Tax Time – A Poem

Ode To The Penny-Wise At Tax Time

It’s ten lousy dollars
It’s no good to me
I’ll continue with pencil and paper
That’s free

Next year I’d have tried
Your app for my iPad
But you boys are so cheap
So it’s “Too Bad.” and “So sad.”

This year my taxes are already sent
No refund? You’ll lose in the future; I’m spent.


Doing my taxes is not rocket science.

Above is the approximate text of my third and final email to a tax software company because their ~$10 program won’t run on my Windows XP desktop.Thought I would try again after problems a decade ago with another software maker when trying to buy its software for the following year. I realize the problem this time may be with some glitch in my operating system. But the only reason to use tax software (for me, since my taxes are simple) is to save time. Dealing with software glitches (or billing issues) I will not do.

So my email #1 was asking for my money back and to briefly outline the problem.

My email #2 was to ask again for my $10 back and briefly explain the error message that appeared when I tried to run a special file they told me I had to download to avoid problems.

Their emails were not responsive to my issues – time and a little money.

The second refused to refund my money because it wasn’t their software problem. Not worth my time, but they got me after reading several Dr. Seuss stories to my grandson, so I couldn’t resist this snarky farewell.

South America Trip.2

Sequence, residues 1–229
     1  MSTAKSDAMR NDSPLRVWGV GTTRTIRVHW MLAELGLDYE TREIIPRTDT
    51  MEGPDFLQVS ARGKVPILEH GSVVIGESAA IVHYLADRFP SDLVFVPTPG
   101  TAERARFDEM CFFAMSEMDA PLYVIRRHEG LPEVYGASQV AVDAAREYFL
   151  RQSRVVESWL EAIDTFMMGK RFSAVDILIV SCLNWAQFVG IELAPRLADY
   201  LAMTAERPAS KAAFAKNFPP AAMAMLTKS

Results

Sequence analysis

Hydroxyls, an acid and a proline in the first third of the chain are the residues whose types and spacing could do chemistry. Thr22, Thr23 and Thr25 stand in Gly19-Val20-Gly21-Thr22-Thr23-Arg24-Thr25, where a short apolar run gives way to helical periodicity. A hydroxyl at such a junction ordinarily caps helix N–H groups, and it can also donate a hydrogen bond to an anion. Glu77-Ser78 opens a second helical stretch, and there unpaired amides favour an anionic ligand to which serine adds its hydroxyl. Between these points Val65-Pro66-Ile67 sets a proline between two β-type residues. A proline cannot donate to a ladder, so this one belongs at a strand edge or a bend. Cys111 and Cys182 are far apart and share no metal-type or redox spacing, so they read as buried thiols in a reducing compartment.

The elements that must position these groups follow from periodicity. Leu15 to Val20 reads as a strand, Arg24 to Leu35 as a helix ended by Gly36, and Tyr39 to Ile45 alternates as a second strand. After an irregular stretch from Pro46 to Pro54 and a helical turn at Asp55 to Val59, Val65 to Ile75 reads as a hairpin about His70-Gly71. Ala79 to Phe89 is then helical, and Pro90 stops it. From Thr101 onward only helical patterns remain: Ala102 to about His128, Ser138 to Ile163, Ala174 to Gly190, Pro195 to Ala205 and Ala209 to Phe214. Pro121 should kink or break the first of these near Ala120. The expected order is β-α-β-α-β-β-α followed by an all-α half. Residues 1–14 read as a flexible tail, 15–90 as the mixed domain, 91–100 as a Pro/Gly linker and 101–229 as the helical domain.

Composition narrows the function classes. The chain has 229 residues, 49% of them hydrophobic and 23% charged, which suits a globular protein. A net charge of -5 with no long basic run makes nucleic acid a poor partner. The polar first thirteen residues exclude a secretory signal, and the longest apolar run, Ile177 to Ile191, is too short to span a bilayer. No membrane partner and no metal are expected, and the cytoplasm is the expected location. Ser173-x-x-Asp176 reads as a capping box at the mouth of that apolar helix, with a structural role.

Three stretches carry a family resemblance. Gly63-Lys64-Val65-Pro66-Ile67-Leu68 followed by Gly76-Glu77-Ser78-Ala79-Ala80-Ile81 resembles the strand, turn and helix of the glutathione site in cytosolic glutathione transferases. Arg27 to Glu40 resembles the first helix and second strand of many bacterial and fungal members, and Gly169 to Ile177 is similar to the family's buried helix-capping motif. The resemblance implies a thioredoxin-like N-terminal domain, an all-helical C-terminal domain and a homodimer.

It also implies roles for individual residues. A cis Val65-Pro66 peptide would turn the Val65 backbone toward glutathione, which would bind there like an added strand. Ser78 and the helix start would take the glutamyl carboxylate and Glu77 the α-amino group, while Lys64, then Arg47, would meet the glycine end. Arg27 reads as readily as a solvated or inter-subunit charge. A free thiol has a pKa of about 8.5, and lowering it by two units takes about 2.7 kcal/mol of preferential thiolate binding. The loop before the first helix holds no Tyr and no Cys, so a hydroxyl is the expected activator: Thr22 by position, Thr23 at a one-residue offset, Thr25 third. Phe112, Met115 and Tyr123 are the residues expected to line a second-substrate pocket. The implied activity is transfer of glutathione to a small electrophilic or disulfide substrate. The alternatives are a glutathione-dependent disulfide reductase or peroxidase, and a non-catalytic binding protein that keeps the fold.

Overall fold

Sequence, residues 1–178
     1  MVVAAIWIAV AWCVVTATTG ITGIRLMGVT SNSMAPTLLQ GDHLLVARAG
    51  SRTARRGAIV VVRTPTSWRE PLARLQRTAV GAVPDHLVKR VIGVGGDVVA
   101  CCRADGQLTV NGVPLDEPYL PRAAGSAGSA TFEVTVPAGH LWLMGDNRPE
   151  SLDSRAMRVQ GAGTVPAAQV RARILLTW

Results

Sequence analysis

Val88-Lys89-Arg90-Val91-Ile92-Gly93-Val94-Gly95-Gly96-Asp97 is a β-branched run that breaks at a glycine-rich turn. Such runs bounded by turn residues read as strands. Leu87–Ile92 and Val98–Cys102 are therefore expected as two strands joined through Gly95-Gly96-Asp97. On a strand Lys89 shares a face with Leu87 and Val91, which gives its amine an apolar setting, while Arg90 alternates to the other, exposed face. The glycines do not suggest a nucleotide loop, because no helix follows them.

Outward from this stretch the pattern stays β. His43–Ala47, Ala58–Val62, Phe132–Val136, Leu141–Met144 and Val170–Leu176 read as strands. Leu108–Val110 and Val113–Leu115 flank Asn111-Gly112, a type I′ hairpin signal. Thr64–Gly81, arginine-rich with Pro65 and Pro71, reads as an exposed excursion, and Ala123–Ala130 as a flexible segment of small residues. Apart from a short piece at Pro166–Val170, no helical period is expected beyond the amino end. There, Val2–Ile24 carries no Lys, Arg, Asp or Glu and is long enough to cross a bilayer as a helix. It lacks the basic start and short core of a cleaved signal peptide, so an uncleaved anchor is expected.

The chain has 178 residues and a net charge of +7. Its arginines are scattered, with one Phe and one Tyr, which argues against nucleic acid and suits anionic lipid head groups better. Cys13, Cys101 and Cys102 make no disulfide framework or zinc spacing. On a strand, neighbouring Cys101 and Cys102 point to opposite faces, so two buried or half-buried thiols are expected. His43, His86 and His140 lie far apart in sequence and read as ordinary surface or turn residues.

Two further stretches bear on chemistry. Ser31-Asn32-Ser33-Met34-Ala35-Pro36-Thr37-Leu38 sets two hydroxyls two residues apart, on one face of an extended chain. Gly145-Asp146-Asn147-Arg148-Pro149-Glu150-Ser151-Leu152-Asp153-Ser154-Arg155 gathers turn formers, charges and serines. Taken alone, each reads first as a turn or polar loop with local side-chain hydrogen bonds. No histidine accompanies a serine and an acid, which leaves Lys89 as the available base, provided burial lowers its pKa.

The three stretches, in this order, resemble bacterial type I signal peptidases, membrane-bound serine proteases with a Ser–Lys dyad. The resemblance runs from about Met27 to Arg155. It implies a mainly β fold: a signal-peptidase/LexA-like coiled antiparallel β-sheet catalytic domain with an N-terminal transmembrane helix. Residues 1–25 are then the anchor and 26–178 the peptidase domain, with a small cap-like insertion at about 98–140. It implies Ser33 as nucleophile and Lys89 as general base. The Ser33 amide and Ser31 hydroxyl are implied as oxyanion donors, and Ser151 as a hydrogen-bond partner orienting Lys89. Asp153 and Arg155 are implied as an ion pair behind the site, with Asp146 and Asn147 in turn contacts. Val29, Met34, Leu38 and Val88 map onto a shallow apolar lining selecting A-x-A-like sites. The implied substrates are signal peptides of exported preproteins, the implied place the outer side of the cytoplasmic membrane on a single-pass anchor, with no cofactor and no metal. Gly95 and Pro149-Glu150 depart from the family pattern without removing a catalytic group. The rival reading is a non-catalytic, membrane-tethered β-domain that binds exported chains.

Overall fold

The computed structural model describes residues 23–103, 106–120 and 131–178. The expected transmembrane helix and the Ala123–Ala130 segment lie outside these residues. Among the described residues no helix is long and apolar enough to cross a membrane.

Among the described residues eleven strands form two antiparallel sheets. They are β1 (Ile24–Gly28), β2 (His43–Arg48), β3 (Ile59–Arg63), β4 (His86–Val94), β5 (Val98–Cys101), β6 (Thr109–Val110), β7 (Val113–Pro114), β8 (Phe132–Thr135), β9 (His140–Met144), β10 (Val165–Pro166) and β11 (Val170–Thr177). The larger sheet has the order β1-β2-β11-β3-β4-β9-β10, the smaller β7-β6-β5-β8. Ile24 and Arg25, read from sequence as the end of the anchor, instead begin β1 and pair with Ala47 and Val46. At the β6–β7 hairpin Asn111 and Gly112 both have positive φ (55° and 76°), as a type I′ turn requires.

OK. Still not about South America yet, but I warned you last time. Anyway – if I hadn’t gone to teach in Trinidad in 1965, I probably wouldn’t have done the two month South America trip in 1967. So kindly bear with me, or, if not, feel free to skip to the end of this post or go elsewhere with my good wishes and abject apologies.
Boarding The Plane in September 1965 Boarding The Plane in September 1965

Our West Indies CUSO volunteer contingent (young adults with university degrees or special skills who had selected to serve in the sunny Caribbean over more distant sunny places like Malaysia, India or Tanzania – about two dozen of us in all) assembled at Ottawa’s international airport on a very chilly morning in early September, 1965. We climbed an outside ladder, waved to our loved ones and entered Prime Minister Lester B. Pearson’s Canadair North Star. This was not a jet, but a plane powered by four Rolls-Royce Merlin propeller engines. They were proudly termed “turbo-props,” whatever enhancements that meant. Still slow and noisy compared to modern jet planes. Simpler times. It took us 19 hours of island hopping before our 8-member Trinidad contingent arrived at Piarco Airport in Port of Spain, the North Star’s last stop. Continue reading “South America Trip.2”